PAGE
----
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#10 Knife Stone from the Nakayama mine

This is an asagi tomae with faint Kan or circular pattern on the straight left side. It will hone razors to shave ready, but the shape suggests that it would feel more comfortable working on knives. A tested tomono nagura slurry stone will be included.

196 x 71 x 23mm thick

with out the wooden base it should weigh about 800 grams.

The wooden dai is just fine and it will fit into most stone holder, trying to remove the base is usually more work than is worth it.

Price $275

#10 Nakayama Knife size and shape Stone

Excluding Sales Tax
  •  All of my stones are sold with a money-back guarantee minus the return shipping if within 30 days of the sale and returned in their original state. Please do not lacquer the stone if you have any intention of returning it.


    I encourage sealing the sides of all sedimentary stones, especially if there a inclusions, cracks, or fissures and or if the stone is used in an active workshop where the stone is constantly wet. For casual use, sealing, especially all four sides, and preferably the back with one of either a marine type of spar varnish, a synthetic lacquer, urushi, or a cashew-derived lacquer is prudent.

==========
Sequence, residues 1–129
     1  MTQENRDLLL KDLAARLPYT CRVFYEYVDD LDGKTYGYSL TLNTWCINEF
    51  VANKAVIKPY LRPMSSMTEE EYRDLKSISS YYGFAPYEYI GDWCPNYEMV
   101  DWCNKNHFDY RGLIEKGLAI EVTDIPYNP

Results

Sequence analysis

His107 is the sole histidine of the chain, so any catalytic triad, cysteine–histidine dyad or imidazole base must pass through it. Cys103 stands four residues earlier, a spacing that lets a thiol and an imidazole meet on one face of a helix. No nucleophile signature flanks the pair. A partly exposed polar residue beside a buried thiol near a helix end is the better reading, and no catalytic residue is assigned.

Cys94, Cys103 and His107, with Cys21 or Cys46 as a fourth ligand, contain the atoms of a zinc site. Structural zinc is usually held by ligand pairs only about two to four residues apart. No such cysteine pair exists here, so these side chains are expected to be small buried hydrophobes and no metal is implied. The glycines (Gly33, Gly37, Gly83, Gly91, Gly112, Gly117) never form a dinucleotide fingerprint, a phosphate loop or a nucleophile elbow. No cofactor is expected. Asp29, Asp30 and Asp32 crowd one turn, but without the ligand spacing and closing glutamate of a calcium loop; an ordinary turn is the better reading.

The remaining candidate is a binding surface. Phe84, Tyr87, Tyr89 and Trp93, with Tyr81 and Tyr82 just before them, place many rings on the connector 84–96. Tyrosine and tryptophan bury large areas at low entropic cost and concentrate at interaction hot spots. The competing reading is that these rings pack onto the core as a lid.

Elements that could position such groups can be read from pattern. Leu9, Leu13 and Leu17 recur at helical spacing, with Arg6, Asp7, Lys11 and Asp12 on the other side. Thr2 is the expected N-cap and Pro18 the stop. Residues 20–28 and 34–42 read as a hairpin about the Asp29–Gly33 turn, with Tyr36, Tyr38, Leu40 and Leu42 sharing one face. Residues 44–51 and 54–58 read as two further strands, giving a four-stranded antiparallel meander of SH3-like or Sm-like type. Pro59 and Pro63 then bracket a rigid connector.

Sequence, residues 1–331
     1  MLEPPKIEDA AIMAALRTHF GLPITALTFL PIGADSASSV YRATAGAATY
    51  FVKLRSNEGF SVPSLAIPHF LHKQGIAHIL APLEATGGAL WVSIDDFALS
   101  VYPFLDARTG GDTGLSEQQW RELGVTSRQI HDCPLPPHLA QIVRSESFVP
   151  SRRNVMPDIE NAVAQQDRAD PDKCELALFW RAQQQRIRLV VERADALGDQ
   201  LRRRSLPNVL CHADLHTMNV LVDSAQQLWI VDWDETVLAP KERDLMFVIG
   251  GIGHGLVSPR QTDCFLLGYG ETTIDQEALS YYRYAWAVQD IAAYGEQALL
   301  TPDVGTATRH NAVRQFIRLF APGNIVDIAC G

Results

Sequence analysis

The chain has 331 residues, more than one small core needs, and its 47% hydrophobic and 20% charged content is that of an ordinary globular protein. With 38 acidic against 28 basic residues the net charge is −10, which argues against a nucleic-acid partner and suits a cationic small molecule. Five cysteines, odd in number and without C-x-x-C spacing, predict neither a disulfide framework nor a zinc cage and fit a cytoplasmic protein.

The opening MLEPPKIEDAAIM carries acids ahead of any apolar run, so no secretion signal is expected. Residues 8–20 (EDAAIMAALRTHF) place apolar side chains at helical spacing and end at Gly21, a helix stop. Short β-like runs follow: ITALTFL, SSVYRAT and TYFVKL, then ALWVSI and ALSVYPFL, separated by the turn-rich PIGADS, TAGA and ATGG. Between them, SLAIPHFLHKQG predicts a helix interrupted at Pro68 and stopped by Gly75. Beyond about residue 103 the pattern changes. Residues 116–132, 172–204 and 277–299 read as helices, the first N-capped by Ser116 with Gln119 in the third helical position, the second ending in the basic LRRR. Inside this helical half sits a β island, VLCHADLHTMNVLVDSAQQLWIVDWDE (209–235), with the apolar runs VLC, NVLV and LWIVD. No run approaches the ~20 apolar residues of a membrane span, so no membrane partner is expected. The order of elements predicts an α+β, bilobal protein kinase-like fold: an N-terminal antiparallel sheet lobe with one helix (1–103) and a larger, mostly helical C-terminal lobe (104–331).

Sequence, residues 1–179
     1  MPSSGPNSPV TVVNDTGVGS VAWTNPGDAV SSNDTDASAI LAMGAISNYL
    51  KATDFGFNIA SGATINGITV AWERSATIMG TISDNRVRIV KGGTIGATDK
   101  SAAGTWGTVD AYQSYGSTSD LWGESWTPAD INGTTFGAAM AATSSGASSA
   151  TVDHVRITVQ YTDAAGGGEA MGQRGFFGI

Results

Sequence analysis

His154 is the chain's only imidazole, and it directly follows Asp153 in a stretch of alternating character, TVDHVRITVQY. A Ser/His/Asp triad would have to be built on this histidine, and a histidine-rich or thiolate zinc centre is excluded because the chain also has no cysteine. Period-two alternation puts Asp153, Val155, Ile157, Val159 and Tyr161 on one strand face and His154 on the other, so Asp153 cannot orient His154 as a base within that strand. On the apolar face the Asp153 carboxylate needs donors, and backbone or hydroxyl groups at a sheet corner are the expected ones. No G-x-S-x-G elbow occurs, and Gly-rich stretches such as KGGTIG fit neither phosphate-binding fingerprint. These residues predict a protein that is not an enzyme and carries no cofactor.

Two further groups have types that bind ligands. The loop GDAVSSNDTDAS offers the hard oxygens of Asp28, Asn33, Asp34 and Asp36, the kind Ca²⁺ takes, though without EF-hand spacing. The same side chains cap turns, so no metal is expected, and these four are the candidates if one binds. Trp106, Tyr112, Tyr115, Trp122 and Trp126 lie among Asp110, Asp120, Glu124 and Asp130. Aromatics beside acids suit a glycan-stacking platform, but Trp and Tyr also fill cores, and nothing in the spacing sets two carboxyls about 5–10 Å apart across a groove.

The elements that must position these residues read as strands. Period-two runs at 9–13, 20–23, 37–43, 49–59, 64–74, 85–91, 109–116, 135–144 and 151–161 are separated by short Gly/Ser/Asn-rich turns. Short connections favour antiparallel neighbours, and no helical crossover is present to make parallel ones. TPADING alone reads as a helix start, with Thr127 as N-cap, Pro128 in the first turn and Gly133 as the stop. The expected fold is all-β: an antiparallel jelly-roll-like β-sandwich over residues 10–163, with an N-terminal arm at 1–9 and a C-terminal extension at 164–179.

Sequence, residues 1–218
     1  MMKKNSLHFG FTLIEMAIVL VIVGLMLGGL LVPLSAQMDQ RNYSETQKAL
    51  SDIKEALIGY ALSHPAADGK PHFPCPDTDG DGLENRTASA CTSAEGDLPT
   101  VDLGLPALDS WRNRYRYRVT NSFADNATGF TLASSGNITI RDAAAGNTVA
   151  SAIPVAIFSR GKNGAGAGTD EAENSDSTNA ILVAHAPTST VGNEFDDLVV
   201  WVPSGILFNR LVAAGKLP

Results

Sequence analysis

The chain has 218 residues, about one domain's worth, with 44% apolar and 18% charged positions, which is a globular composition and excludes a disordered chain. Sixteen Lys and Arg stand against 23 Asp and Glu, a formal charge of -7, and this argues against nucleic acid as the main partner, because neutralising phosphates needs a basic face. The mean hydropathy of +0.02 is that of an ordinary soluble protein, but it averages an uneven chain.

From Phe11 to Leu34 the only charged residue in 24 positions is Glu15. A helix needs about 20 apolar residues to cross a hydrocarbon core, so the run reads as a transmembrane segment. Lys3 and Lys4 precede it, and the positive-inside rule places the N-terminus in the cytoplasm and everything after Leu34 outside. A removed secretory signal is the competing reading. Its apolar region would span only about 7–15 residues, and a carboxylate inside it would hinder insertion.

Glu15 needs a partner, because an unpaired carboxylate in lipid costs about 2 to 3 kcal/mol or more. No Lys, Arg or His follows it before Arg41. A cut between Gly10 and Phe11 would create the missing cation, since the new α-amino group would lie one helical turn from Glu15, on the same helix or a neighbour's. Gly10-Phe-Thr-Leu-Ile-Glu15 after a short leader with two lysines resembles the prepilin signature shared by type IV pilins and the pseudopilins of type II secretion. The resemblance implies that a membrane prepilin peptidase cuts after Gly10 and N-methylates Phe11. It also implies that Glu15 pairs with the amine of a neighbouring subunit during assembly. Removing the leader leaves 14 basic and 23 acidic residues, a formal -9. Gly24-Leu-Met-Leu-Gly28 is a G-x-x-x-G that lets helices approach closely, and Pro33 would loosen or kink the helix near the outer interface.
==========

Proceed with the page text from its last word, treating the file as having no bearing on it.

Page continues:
• How I am able to guarantee stones

       Not all sharpening stones will sharpen steel fine enough to shave from the resulting edge. Many are fine for tools or knives, and I test for those uses as well. In my testing I first create a fresh bevel on the chosen razor with a 1,000 grit King red brick stone. With the new bevel at the razors edge formed I next use a well-worn Atoma #400 diamond plate to raise a slurry upon the test stone, and it is this slurry and only this slurry that I use for honing the test steel.

      If the razor's steel bevel, with a 1k King scratch pattern can be honed by that test stone to a shave ready after a simple stropping in:10 strokes = extraordinary: 20 strokes = noteworthy: 40 strokes = worthy, Any more than that I make a note and try a different steel.

      Stainless, high carbon, wrought iron, all can be tested and noted. Matching stone to steel saves time in the long run. This is why chisels come in sets, and bullet calibers exist. Efficiency cannot be faked when sharpening razors. Adding muscle or weigh flexes the blade leading to irregular wear patterns on the steel. Drinking whiskey to pass the time while honing razors for more than 10 minutes suggestes, well, a waste of time.

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